You might say, “I don’t see a corollary there,” but on a subconscious level, there is a corollary. If we’re constantly using these negative associations, blackballing, blacklisted, darkness, in the black on and on there is a subconscious association that’s made in our neurochemistry. Where we associate those things with negative experiences. I do believe that colors for lack of a better term, our life experience of how we deal with people of color. We’re constantly using those phrases in negative associations. That has massive power. Language has power, especially the meanings and the connections that we associate. I wanted to bring that into light because you’re talking about words, Whitney. I’m doing my best to me much more mindful of my word choices and how I’m using language. Diffusing the associations, I’ve made with terminology like that and using other words to try and describe those situations.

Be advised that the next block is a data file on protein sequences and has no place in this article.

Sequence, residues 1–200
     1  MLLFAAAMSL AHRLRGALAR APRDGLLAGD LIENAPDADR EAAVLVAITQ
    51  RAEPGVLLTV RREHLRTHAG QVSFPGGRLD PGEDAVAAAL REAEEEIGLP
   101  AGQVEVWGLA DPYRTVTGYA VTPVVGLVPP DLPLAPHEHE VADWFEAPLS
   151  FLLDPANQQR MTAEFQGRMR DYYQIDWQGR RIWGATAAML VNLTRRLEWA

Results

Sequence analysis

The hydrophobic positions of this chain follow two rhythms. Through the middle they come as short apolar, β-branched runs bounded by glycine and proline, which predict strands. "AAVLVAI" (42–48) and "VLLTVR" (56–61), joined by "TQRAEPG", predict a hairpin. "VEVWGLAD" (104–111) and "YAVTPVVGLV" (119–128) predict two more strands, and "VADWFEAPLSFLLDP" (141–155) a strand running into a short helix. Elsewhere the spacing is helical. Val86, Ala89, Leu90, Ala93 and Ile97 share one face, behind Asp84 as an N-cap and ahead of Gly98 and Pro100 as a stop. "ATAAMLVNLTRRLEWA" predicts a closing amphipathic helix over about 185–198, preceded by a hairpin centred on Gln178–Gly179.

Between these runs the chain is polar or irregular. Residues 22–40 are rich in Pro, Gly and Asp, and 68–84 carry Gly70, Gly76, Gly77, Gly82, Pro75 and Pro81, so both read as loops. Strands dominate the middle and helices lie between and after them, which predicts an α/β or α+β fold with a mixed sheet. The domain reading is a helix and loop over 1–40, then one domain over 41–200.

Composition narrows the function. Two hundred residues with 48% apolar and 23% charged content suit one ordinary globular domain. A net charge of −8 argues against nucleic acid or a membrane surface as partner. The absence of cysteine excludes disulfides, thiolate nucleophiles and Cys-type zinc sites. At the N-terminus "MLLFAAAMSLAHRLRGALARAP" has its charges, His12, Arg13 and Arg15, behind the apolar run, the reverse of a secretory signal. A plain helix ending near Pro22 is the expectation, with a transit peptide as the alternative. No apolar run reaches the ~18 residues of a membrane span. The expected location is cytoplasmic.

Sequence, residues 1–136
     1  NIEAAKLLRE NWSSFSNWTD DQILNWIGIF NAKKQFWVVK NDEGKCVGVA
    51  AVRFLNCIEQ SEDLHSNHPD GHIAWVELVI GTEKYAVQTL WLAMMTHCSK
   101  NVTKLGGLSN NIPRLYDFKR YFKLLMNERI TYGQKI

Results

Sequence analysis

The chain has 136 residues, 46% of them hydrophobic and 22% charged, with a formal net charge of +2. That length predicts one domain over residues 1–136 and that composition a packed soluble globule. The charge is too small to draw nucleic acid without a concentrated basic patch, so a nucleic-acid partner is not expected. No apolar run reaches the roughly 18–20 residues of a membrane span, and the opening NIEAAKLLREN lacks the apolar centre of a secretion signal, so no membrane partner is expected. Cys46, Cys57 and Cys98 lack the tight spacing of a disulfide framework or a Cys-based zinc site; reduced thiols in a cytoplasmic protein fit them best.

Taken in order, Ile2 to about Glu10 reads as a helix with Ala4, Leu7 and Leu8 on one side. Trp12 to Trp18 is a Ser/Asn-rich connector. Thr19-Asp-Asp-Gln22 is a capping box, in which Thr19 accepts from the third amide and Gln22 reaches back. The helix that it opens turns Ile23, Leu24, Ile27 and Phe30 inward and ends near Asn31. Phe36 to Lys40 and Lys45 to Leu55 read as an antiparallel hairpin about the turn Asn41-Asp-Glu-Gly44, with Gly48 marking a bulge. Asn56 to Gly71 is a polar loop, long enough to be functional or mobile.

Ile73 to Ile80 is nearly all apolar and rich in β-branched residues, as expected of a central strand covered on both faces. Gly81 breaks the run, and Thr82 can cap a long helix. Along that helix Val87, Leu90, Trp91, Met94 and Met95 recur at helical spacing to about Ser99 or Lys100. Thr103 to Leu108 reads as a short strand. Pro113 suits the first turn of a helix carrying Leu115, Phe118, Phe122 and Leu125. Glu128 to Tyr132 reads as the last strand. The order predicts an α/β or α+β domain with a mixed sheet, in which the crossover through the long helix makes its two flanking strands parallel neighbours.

It’s incredibly important to be mindful and conscious of the words that we use and how we talk about with them with other people as well as the energy behind it and any shame. That’s why I love that part in the book because I hadn’t thought about it that way of how a mother might be embarrassed if their kid pointed out that somebody was black. It’s those little moments in our lives that have a ripple effect on us. It perpetuates shame. That energy of you should be ashamed for having nappy hair or you should be ashamed for the color of your skin. We’re afraid to talk about you. It’s almost making somebody invisible if you are afraid to use those words. There’s this place where as a white person, it can feel challenging to use those words.